Ebola - Strengthening the frontline response
Between March and September 2014, Ebola had claimed more than
lives in West Africa. Médecins Sans Frontières is the standard-setting expert on how to respond to this virulent disease.
In early September 2014 Médecins Sans Frontières (MSF), a medical humanitarian organisation, declared that the Ebola outbreak in West Africa had taken more than 5,900 lives since the previous March.
This severe, often fatal illness first appeared in 1976 and in the early years was found to infect people in remote villages near rainforests in Central Africa. However, the more recent outbreaks in West Africa have occurred in both urban
and rural areas. According to the World Health Organization, the virus spreads through human-to-human transmission, with fatality rates at about 50 per cent.
MSF has already worked in treating Ebola over the decades, making it the standard- setting expert on how to respond to this virulent disease. Its response to the March 2014 outbreak began well before the rest of the international community realised the urgency of the situation. MSF is now active in all four affected countries – Guinea, Liberia, Sierra Leone and Mali – working on both treatment and prevention.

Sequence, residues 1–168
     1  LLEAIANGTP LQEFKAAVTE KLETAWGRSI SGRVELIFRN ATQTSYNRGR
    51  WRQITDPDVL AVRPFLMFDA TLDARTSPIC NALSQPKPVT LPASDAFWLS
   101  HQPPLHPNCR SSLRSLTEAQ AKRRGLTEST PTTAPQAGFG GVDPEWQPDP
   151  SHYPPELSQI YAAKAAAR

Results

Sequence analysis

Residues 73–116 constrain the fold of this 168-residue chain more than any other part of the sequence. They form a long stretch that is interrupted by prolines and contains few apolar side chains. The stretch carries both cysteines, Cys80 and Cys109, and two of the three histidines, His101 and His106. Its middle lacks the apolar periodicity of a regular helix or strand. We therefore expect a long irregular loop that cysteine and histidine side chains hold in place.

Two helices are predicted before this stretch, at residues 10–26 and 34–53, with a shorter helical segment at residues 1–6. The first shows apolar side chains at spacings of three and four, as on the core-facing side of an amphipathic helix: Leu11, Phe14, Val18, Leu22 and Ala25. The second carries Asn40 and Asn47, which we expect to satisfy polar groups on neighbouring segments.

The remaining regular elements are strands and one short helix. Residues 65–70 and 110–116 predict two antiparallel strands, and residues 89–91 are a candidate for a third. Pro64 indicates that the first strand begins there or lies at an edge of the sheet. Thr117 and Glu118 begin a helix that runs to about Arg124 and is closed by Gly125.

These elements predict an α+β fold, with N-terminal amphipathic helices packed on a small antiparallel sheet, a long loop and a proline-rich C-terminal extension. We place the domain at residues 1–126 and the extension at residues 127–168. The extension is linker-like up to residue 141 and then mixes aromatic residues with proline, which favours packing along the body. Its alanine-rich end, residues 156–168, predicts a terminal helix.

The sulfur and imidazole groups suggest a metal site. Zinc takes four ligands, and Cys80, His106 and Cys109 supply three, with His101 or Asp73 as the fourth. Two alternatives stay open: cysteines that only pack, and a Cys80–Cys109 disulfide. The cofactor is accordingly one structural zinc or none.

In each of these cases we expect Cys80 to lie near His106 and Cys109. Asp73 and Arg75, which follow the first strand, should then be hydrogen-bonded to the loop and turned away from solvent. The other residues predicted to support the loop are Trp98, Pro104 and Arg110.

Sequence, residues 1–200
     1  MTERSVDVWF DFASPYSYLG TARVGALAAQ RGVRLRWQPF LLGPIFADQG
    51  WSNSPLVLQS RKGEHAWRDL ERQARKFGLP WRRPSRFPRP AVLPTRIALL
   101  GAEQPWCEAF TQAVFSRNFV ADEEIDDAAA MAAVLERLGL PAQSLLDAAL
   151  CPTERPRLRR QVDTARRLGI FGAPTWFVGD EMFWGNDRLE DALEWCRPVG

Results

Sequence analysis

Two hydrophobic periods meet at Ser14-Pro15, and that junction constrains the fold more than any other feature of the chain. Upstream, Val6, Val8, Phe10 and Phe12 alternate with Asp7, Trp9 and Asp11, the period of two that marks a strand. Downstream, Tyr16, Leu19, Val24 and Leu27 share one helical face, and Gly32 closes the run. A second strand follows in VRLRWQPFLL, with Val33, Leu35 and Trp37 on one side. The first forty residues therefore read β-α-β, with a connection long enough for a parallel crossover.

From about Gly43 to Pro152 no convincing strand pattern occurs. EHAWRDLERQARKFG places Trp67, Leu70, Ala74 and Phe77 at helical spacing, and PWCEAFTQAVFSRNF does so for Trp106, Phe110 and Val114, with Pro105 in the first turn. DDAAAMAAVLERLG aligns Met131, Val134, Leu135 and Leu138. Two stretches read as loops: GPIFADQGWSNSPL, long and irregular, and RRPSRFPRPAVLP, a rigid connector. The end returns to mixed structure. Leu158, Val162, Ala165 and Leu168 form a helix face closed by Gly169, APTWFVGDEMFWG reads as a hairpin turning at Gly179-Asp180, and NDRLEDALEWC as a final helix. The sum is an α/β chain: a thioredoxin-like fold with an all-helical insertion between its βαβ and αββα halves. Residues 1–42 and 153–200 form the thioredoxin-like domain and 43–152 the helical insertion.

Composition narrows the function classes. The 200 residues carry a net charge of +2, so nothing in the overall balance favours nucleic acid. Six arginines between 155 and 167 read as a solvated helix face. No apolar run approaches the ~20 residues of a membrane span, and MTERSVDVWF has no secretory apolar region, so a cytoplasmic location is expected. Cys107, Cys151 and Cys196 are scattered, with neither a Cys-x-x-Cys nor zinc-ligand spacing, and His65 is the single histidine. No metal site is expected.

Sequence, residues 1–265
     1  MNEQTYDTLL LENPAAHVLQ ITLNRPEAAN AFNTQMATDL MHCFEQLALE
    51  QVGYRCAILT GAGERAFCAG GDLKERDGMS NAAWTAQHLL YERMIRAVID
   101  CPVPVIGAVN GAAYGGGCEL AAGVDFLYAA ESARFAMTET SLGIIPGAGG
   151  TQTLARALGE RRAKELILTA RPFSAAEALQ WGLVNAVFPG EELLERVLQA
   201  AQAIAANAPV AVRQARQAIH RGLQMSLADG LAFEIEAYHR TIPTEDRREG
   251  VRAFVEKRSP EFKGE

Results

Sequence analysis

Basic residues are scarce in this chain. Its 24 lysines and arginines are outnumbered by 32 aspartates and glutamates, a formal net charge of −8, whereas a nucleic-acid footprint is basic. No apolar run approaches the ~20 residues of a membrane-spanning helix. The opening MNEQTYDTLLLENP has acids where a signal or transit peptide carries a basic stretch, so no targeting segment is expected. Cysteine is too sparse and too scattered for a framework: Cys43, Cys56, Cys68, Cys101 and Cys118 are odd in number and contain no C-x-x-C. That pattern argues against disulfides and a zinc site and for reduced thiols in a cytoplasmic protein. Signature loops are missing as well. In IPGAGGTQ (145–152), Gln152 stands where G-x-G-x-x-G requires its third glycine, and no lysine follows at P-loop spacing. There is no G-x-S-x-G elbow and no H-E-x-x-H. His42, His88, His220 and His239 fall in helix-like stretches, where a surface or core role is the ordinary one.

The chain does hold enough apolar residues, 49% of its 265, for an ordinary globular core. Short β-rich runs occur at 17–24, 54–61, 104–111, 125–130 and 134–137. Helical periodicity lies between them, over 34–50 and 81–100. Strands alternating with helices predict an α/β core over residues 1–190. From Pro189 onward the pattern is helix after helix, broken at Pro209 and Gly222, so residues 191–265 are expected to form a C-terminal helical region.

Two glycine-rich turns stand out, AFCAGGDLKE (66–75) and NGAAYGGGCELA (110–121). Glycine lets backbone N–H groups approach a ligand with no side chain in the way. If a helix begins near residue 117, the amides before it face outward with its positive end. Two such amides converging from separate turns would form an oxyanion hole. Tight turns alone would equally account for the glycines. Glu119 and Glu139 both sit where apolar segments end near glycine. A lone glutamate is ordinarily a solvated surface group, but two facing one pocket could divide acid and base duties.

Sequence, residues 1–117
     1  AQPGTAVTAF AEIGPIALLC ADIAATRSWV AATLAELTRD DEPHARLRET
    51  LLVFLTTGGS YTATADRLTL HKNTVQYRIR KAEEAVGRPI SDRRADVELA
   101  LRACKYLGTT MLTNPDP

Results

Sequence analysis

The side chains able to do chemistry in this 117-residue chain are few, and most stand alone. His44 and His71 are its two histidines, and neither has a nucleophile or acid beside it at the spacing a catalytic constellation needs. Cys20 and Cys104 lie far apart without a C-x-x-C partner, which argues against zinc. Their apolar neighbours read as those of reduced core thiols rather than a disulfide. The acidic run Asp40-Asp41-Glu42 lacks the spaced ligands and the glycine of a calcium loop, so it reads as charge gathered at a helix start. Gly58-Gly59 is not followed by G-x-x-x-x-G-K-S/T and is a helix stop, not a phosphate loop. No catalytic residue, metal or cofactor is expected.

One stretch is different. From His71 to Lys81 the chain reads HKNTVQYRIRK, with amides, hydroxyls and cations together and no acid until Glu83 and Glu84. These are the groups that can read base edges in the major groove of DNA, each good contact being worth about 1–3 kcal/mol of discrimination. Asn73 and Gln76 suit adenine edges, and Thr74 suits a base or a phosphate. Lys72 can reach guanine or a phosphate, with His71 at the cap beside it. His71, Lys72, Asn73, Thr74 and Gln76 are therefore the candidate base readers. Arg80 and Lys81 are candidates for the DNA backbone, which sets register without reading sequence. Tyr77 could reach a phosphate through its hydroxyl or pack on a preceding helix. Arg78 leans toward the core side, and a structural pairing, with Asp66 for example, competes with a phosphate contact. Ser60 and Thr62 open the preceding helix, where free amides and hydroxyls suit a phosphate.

Given the scale of the crisis, MSF has set up an international emergency fund for the Ebola crisis in West Africa, which will allow the organisation to respond quickly and flexibly to priority needs. The response to Ebola is particularly expensive, as the medical equipment has to be incinerated after contact with each patient, and medical staff must be rotated out frequently. Concerned by the gravity of the situation, Oak Foundation’s Trustees were pleased to make a grant of USD 2.5 million to help fund MSF’s Ebola response in West Africa.
In northern Liberia, an MSF health promoter supports a young mother whose son has Ebola.
© Martin Zinggl/MSF
Source: Oak Foundation Annual Report
Year of publication: 2014